Borlongan CV, Hadman M, Sanberg CD, Sanberg PR: Central nervous system entry of peripherally injected umbilical cord blood cells is not required for neuroprotection in stroke. Stroke. 2004, 35 (10): 2385-2389. 10.1161/01.STR.0000141680.49960.d7.
Newman MB, Willing AE, Manresa JJ, Sanberg CD, Sanberg PR: Cytokines produced by cultured human umbilical cord blood (HUCB) cells: Implications for brain repair. Experimental Neurology. 2006, 199 (1): 201-208. 10.1016/j.expneurol.2006.04.001.
Vendrame M, Gemma C, de Mesquita D, Collier L, Bickford PC, Sanberg CD, Sanberg PR, Pennypacker KR, Willing AE: Anti-inflammatory effects of human cord blood cells in a rat model of stroke. Stem Cells Dev. 2005, 14 (5): 595-604. 10.1089/scd.2005.14.595.
Bender JG, Unverzagt KL, Walker DE, Lee W, Van Epps DE, Smith DH, Stewart CC, To LB: Identification and comparison of CD34-positive cells and their subpopulations from normal peripheral blood and bone marrow using multicolor flow cytometry. Blood. 1991, 77 (12): 2591-2596.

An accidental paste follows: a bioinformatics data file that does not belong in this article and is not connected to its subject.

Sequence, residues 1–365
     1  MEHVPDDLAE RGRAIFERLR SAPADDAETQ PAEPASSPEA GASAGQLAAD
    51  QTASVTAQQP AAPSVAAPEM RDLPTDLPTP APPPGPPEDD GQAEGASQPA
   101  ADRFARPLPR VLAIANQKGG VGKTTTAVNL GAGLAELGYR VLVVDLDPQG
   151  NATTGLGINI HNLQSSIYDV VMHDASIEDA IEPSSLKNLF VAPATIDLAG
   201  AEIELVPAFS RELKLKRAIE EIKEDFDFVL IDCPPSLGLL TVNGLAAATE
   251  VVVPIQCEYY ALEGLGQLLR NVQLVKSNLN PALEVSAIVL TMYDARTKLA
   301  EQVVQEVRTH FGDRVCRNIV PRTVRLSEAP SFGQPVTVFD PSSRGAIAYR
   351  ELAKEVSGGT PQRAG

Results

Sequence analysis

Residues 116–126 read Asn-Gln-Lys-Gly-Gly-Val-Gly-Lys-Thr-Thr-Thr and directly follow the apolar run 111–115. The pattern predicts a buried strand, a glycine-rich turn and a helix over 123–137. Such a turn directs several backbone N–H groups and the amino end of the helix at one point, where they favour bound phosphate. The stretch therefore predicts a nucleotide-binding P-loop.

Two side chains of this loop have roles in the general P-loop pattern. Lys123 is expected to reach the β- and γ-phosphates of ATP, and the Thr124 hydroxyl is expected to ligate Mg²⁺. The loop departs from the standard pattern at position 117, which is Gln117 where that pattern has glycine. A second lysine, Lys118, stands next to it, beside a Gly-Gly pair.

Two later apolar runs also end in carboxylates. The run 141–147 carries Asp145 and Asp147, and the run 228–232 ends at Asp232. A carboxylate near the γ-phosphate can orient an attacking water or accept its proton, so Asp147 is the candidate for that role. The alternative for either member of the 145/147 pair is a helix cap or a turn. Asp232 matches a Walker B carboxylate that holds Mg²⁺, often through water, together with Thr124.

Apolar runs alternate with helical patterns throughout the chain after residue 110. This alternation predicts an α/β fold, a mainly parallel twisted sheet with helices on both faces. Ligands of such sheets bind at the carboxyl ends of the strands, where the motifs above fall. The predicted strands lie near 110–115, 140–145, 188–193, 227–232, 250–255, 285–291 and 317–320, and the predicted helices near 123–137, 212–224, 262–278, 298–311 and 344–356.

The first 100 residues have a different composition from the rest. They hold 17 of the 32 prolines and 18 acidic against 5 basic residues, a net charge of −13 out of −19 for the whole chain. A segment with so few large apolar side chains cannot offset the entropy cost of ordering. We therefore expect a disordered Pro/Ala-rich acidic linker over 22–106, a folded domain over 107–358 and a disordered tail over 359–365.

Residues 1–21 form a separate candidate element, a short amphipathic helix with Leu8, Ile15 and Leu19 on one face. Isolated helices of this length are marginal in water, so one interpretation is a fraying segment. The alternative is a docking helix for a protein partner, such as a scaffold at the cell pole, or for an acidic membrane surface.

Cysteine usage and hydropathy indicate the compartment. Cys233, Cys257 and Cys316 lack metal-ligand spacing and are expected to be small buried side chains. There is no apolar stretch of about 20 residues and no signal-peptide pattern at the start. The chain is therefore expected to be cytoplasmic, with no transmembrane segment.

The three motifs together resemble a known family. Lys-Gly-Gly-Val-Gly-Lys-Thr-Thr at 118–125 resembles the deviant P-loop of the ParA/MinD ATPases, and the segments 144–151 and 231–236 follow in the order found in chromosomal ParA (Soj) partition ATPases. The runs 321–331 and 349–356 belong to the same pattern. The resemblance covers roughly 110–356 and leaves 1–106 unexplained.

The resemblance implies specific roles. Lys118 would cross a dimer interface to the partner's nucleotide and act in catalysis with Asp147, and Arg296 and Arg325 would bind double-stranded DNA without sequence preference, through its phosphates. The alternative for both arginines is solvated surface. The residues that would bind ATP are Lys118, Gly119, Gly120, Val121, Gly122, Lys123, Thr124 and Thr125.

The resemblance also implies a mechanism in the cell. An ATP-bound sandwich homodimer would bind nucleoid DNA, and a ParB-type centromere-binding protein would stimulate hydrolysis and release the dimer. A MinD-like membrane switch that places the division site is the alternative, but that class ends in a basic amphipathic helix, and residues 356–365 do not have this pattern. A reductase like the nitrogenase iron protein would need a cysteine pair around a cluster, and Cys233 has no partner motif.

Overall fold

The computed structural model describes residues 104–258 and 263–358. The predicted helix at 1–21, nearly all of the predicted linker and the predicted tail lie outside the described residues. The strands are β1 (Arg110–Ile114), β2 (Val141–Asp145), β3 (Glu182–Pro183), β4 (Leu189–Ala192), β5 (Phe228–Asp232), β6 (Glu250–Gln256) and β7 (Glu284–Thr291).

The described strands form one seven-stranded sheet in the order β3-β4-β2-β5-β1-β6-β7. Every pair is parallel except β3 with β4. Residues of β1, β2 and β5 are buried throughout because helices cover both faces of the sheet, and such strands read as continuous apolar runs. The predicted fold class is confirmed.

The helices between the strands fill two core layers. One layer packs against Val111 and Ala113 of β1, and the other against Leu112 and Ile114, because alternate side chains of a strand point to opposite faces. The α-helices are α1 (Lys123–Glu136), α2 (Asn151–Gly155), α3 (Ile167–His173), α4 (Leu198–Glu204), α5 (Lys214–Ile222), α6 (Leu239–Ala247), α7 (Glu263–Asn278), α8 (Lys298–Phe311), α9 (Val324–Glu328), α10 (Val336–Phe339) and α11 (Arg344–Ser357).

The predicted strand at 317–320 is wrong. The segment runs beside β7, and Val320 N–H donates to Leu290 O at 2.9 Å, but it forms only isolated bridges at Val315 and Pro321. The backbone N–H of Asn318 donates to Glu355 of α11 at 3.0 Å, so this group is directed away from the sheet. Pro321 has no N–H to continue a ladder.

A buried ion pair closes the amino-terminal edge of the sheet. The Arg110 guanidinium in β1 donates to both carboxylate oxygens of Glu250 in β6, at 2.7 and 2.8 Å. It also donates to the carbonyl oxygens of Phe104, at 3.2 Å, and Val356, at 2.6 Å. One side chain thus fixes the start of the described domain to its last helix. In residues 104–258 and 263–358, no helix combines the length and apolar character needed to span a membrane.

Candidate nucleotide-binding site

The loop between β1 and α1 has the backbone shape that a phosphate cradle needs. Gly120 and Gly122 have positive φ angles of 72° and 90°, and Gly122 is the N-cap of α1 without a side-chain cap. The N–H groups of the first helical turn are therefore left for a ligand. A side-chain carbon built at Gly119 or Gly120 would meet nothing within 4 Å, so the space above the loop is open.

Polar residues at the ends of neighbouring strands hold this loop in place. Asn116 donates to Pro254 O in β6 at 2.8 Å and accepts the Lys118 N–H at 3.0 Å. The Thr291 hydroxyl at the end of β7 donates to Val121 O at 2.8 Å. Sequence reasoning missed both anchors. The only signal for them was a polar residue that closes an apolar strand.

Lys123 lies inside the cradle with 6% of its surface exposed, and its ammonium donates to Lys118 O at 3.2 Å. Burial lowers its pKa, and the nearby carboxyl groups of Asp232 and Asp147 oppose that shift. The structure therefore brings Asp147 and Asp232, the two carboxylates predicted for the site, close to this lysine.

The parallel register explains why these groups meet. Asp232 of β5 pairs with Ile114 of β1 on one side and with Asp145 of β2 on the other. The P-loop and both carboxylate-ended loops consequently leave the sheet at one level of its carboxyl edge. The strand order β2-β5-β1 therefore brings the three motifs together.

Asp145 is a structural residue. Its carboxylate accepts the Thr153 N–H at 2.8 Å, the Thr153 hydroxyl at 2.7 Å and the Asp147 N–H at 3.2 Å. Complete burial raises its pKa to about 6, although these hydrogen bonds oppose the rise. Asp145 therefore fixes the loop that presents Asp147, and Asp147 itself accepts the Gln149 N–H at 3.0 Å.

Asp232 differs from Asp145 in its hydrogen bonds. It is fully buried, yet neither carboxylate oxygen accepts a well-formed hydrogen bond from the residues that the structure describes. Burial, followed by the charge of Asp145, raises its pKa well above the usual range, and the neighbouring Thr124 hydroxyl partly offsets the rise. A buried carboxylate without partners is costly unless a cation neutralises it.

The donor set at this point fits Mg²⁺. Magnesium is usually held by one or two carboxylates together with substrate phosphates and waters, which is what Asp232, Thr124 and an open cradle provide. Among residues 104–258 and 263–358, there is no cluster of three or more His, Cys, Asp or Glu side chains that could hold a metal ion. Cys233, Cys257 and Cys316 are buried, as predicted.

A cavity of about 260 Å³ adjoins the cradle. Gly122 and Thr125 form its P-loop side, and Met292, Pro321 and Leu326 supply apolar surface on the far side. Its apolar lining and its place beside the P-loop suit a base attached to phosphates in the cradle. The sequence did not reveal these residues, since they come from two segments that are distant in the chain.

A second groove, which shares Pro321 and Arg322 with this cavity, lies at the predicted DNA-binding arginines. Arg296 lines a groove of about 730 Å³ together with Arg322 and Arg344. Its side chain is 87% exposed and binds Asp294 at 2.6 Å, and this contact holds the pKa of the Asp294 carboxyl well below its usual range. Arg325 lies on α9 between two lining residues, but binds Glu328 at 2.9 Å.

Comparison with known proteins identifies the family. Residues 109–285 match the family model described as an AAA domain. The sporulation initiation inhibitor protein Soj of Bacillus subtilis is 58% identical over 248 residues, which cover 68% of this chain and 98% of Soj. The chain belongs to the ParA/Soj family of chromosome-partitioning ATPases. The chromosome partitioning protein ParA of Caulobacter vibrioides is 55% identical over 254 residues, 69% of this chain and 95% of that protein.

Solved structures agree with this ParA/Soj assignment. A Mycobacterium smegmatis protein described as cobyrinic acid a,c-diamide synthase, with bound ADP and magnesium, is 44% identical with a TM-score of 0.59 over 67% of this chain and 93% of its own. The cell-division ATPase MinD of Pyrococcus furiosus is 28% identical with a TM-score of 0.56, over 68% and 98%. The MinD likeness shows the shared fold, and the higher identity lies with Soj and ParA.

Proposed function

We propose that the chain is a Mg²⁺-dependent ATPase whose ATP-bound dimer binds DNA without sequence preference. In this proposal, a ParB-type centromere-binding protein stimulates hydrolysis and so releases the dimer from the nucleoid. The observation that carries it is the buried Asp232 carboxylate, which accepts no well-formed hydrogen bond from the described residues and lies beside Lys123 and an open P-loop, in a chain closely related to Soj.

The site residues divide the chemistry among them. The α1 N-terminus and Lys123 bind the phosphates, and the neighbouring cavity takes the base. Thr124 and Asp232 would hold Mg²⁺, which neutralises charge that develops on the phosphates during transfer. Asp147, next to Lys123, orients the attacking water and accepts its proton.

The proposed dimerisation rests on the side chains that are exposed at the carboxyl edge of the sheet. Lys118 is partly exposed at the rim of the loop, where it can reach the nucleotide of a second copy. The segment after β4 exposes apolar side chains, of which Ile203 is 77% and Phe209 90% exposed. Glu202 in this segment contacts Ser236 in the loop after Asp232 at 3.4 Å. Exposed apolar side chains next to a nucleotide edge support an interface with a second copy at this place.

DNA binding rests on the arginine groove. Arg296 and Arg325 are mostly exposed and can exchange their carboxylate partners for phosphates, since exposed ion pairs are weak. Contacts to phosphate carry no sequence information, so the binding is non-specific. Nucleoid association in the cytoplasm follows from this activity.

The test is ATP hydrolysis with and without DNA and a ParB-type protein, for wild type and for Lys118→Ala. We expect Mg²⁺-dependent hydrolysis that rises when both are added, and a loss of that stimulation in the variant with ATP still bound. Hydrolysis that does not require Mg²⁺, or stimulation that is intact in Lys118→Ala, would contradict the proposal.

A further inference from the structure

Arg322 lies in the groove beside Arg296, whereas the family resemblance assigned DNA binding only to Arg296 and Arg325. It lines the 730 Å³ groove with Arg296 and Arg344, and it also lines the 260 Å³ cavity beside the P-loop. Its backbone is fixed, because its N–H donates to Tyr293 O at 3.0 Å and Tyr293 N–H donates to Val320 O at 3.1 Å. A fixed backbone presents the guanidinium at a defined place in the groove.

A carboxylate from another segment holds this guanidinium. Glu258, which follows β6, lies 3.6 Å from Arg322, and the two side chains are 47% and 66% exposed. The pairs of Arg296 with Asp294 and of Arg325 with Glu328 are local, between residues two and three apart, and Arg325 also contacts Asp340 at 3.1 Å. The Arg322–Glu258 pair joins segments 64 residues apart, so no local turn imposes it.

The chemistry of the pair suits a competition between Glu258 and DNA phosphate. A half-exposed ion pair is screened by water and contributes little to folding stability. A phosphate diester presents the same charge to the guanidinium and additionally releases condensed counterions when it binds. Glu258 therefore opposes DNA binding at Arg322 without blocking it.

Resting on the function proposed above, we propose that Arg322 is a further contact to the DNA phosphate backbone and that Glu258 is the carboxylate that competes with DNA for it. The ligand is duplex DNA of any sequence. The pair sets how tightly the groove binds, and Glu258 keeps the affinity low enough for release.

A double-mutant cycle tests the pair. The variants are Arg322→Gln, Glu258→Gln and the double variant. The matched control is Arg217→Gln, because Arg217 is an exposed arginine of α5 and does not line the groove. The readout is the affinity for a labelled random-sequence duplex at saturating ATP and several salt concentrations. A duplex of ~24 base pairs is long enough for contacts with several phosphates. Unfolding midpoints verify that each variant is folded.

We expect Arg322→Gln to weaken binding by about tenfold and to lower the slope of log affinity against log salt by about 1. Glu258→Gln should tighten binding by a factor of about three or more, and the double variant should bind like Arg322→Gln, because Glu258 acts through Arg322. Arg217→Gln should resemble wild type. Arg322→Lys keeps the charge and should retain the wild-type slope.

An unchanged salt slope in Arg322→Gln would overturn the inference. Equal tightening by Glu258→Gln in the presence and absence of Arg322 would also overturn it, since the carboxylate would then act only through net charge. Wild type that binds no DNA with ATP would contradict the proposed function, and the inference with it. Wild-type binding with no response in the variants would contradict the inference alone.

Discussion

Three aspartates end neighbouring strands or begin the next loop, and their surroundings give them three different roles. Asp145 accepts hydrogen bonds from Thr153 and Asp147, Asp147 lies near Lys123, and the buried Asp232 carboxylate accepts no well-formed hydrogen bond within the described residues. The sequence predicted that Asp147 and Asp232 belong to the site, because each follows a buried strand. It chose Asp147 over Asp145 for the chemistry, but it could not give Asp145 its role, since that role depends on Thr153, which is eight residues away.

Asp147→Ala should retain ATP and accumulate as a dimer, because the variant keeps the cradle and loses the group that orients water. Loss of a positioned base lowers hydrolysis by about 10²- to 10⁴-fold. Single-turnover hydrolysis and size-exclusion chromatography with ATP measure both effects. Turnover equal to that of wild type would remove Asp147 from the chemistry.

Ho AD, Young D, Maruyama M, Corringham RE, Mason JR, Thompson P, Grenier K, Law P, Terstappen LW, Lane T: Pluripotent and lineage-committed CD34+ subsets in leukapheresis products mobilized by G-CSF, GM-CSF vs. a combination of both. Experimental hematology. 1996, 24 (13): 1460-1468.
Wu AG, Michejda M, Mazumder A, Meehan KR, Menendez FA, Tchabo JG, Slack R, Johnson MP, Bellanti JA: Analysis and characterization of hematopoietic progenitor cells from fetal bone marrow, adult bone marrow, peripheral blood, and cord blood. Pediatric research. 1999, 46 (2): 163-169. 10.1203/00006450-199908000-00006.
Vendrame M, Gemma C, Pennypacker KR, Bickford PC, Davis Sanberg C, Sanberg PR, Willing AE: Cord blood rescues stroke-induced changes in splenocyte phenotype and function. Experimental Neurology. 2006, 199 (1): 191-200. 10.1016/j.expneurol.2006.03.017.